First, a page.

TomorrowMakers ™

Types of Cricket Fans vs Types of Investors

22 April 2016
For every Cricket fan watching a match with bated breath, there’s an investor staring at their computer screen, waiting for the stock market to sky rocket. So what kind of fan/investor are you?
 
 

With IPL 2016 in the offing, there’s nothing that’s not about Cricket anymore. Surprisingly, we even discovered a number of commonalities that exist between the game that captures the heartbeat of our nation and the markets that control its money! Here we draw a comparison between the Types of Investors and Types of Cricket Fans you may come across in India:

1. Aggressive:

This fan believes that strength wins battles. He wants nothing more than to see his team assume a destructive batting and bowling strategy that puts the opposing team on the defensive and scares them into submission! Investors with such an approach are comfortable with taking a high degree of risk,because they know that’s where the high returns are. They have the tenacity to withstand fluctuations in the market and don’t lose faith easily.

2. Practical:

This fan is all about the research. He’s smart enough to analyse pitch conditions and the strength of the opposition before placing a bet or buying tickets. These fans make it a point to educate themselves about the various intricacies of the sport and base all their decisions on past trends and research. It is easy to spot a clear parallel here, with the informed investor who times every move to perfection, often hitting the bulls’ eye. This is the guy who seldom loses an opportunity to cash in because he’s found a formula that works.

Related: 6 practical ways to keep yourself updated on money matters

3. Conservative:

This fan would rather have the team “score in singles” or “bowl line and length” than go hammer and tongs and take the game by the scruff of the neck.This fan probably doesn’t taste victory too often, and is probably even late to the after-party. It is in this category that about 85% of India’s investor population reside – the country’s cautiouscluster of investors who wait too long to invest for fear that they “aren’t earning enough”! Safety first is their motto and risk-aversion, their middle name.The problem is that being too conservative at times could lead to conservative returns as well. A good investor knows when to take that extra element of risk for a potential gain.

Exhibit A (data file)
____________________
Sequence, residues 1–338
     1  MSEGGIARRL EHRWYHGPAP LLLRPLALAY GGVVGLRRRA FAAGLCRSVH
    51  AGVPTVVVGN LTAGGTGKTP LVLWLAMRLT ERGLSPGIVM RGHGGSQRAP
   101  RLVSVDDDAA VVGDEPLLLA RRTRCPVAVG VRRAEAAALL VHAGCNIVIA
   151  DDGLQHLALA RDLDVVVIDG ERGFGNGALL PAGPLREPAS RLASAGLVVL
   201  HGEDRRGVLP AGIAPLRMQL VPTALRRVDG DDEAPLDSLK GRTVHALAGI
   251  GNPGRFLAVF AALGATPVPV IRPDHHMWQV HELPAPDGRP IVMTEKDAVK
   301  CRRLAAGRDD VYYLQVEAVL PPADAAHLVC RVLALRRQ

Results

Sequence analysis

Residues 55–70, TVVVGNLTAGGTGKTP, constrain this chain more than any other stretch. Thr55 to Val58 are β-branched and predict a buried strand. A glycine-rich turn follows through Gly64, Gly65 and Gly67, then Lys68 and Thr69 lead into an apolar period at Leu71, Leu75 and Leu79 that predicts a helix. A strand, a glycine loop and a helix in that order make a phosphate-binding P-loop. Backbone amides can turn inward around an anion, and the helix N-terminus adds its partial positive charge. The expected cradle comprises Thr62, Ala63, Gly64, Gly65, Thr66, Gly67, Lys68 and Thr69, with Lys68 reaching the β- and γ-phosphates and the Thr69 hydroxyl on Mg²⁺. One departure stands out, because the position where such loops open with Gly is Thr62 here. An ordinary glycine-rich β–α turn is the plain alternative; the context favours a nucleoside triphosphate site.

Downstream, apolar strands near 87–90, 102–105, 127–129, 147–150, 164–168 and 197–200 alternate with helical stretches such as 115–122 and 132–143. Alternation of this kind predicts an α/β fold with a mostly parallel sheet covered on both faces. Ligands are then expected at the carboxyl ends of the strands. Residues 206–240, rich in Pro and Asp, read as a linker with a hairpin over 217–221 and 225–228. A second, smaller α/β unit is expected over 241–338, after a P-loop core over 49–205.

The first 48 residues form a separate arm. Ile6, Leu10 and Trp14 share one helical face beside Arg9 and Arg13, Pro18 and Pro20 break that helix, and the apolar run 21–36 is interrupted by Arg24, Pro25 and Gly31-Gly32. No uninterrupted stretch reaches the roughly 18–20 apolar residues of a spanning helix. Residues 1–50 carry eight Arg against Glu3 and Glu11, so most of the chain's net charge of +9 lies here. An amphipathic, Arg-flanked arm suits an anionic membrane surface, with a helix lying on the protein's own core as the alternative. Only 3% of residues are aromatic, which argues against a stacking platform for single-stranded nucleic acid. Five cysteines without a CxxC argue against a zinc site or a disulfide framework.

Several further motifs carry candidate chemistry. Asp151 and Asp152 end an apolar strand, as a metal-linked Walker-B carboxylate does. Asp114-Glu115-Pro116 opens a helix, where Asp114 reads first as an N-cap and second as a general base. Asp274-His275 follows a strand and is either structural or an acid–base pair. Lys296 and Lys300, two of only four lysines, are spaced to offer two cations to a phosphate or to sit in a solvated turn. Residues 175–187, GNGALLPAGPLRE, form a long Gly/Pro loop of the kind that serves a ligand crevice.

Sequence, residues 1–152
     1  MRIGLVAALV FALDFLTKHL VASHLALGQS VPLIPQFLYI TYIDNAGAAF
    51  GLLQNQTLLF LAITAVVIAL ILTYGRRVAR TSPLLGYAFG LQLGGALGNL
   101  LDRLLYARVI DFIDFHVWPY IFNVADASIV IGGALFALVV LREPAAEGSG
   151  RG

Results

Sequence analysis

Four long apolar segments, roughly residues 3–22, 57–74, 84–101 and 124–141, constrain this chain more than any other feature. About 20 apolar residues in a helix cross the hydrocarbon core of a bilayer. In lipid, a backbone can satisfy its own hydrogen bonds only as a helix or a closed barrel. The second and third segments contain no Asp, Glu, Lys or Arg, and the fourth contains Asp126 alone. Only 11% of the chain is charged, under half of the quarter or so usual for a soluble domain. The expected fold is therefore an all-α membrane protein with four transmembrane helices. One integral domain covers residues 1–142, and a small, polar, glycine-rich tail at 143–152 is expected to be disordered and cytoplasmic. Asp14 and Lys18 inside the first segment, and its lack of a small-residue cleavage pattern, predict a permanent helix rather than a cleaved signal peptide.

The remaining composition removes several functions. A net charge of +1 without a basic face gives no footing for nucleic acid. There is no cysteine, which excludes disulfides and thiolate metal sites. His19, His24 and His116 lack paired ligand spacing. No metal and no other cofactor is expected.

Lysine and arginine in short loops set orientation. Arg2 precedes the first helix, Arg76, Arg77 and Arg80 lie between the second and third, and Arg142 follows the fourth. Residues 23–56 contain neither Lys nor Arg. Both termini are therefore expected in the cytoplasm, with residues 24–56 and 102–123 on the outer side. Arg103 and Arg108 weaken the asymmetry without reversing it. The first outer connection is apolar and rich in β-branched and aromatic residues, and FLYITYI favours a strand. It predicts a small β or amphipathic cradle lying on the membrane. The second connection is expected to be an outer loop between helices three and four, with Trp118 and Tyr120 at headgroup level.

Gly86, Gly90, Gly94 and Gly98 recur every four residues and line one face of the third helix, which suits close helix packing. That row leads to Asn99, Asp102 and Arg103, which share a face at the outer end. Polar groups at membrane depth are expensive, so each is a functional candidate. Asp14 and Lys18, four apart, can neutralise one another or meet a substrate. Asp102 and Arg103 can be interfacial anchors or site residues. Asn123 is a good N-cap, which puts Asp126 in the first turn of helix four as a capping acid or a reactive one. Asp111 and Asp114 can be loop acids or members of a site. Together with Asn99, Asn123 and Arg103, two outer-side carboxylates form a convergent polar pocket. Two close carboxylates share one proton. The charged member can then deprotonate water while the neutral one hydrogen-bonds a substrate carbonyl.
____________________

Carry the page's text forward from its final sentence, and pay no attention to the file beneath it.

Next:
4. Over Excited:

T20 cricket has heralded a new wave of playing Cricket, with quick runs being the order of the day.This fan is impatient, addicted to big hits and always on the lookout for fireworks. Little imagination is required to draw a parallel with the short term investor, who’s hungry for quick gains and in the play for short time periods. The problem with both is that they fail to recognize that all good things take time- be it a cricket win or a huge investment pay-out.

5. Occasional:

Much to the surprise of fanatics, there are those among us who don’t have the ardent desire to watch every single game of the season- maybe just their home tea, or a specific tournament. Their situation is not too dissimilar to trigger-based or event-based investors, who indulge themselves only when they feel the markets are performing to their expectations, forgetting that the golden rule of investing is to do it constantly, even if it’s just a certain part of your monthly income put into an SIP Mutual Fund.

Related: Types of mutual funds and how to start investing in them

6. Patient:

Just as every yin has its yang, so must the T20 game. Test cricket, a game for purists, is characterized by the one word that today’s millennials seem to have forgotten – patience. This is the hallmark of the long term market participant who is more concerned with ear marking funds for important future events. Every investor needs to take a page out of the patient investor’s book and understand that investments needs time to make you rich!

7. Know it all:

This is the guy who claims to have insider information about everything. He seems to be able to predict the outcome of the match before it’s been played, and always has an excuse for the times he’s wrong. Similarly, there’s always the investor who says he “knows the markets” and “understands money” and makes the rest of us feel foolish. These guys may not make the best company, but they probably make the most money, so we let them stick around.

Thus, as is evident from the above, the types of investors are not much different from the diverse range of cricket fans – both activities being games of adventure and prudence, characterized by participants who follow similar approaches to very different things!

 
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